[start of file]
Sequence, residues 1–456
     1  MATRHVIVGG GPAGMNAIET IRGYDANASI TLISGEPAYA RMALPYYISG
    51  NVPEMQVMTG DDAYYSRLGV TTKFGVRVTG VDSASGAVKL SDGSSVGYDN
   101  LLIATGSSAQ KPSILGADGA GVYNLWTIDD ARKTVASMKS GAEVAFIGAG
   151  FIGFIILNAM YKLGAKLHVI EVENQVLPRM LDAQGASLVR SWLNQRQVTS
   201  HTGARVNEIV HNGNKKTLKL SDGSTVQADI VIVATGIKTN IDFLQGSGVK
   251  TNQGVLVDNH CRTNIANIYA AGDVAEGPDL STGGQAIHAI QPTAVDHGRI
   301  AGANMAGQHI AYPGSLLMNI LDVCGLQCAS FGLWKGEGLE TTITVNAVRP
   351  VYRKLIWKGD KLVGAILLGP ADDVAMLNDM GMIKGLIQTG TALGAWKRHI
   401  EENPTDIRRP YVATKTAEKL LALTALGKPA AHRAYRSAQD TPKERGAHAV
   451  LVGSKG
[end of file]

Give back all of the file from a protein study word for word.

Sequence, residues 1–456
     1  MATRHVIVGG GPAGMNAIET IRGYDANASI TLISGEPAYA RMALPYYISG
    51  NVPEMQVMTG DDAYYSRLGV TTKFGVRVTG VDSASGAVKL SDGSSVGYDN
   101  LLIATGSSAQ KPSILGADGA GVYNLWTIDD ARKTVASMKS GAEVAFIGAG
   151  FIGFIILNAM YKLGAKLHVI EVENQVLPRM LDAQGASLVR SWLNQRQVTS
   201  HTGARVNEIV HNGNKKTLKL SDGSTVQADI VIVATGIKTN IDFLQGSGVK
   251  TNQGVLVDNH CRTNIANIYA AGDVAEGPDL STGGQAIHAI QPTAVDHGRI
   301  AGANMAGQHI AYPGSLLMNI LDVCGLQCAS FGLWKGEGLE TTITVNAVRP
   351  VYRKLIWKGD KLVGAILLGP ADDVAMLNDM GMIKGLIQTG TALGAWKRHI
   401  EENPTDIRRP YVATKTAEKL LALTALGKPA AHRAYRSAQD TPKERGAHAV
   451  LVGSKG